NSF Expands Funding for I-CORPS Award

Jul 22 2020

The NSF has made an expansion to its award for the tri-university I-CORPS award, of which Professor Chris Wiggins is the Columbia University Principal Investigator.

Since 2013, "NYCRIN" (New York City Regional Innovation Node, nycrin.org) has been an early NSF node in their entrepreneurial I-CORPS program. The NSF program seeks to help science and engineering researchers explore whether their research might be ready to lead to development outside the university, for example, as a patent, or a new technology startup corporation.

Professor Wiggins explains: "This expansion by the NSF speaks to their confidence in this collaboration between Columbia, NYU, and CUNY. NYCRIN has been an early leader in helping university researchers investigate potential applications of their work. We've demonstrated impact on the local New York City region, but also we've influenced the way that other NSF-supported regional innovation nodes conduct their own similar trainings and research programs." 

"Nationwide, the activities of this award include working with researchers within universities interested in exploring application of their work, often pairing a faculty member with an advanced graduate student or postdoctoral researcher. These activities are done with researchers at their home institutions. We've been doing this online for nearly a decade, making the transition to distributed process easier. Over the years, we also now have plenty of data from all the university teams who have gone through the I-CORPS training, which allows us to research early indicators of success for a new company, as well as topics such as research on factors influencing entrepreneurial participation of individuals from underrepresented groups."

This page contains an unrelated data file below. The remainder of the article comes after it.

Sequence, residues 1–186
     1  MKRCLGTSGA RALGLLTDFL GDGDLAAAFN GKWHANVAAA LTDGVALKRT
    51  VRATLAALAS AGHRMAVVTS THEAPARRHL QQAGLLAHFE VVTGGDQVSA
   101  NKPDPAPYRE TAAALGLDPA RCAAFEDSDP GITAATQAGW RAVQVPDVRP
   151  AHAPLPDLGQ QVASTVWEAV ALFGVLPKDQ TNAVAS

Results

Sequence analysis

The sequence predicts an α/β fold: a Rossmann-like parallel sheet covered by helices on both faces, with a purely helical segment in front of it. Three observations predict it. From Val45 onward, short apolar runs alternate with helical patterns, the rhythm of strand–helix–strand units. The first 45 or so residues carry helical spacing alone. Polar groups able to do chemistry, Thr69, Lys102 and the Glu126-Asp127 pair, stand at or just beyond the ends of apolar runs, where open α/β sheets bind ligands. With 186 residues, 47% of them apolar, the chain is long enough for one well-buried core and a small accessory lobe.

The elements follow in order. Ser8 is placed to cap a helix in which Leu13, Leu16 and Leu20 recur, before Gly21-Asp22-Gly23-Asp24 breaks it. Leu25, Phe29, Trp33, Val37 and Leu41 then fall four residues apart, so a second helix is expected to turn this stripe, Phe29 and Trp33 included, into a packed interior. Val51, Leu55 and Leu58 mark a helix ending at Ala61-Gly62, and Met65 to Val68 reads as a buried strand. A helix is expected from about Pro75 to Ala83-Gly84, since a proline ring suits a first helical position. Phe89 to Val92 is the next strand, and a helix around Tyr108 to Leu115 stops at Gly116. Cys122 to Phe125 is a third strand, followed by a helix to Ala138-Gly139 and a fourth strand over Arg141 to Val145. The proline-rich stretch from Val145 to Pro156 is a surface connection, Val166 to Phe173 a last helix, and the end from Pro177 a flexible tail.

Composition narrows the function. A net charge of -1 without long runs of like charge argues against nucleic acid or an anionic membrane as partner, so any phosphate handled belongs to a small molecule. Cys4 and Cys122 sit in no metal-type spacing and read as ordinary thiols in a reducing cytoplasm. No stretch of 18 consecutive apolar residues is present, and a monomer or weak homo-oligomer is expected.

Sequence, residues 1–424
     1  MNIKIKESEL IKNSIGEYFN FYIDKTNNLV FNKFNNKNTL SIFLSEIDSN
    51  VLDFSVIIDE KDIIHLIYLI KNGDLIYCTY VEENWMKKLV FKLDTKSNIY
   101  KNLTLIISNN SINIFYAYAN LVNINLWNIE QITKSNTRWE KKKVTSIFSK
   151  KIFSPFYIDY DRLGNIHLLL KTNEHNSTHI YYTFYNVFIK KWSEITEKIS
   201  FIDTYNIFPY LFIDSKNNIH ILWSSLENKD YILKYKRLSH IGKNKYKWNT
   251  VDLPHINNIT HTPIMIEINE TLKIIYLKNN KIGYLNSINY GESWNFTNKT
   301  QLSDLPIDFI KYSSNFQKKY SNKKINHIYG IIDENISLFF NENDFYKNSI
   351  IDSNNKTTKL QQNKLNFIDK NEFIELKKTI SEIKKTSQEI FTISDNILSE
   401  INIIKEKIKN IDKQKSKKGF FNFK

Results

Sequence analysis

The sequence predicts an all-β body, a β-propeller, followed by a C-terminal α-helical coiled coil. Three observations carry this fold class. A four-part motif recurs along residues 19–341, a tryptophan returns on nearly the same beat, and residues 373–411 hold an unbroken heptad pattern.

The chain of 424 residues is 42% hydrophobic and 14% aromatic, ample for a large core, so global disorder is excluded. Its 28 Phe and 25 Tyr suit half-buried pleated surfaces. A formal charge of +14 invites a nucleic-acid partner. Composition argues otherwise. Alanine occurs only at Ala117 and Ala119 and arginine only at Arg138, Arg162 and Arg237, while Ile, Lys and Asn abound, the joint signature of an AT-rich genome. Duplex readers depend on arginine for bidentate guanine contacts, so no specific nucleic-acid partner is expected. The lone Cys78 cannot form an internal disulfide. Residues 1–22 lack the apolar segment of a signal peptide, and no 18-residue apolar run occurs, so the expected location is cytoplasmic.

Wiggins goes on to say, "It has been a very educational program for me as well, not only in learning how to advise new companies remotely, but in learning the basic lessons of the I-CORPS 'lean startup' curriculum. These include transitioning from developing research that's of interest to fellow experts in a sub-field to learning how to build technology people want."

"This idea goes by many names including 'design thinking', or 'talking to strangers', or 'getting out of the building'. But the basic idea is that there's a special kind of research in understanding what people want, which can be difficult when those people are not necessarily within the technologist's sub-field."

"That kind of research can be very useful to university researchers who want to cross the chasm from mastering peer review to building something people want. Doing that research early in the development of a new corporation can help ensure that all of the innovations that top research universities produce can have the largest and broadest impact."

Learn more about NYCRIN on their website and follow them on Twitter.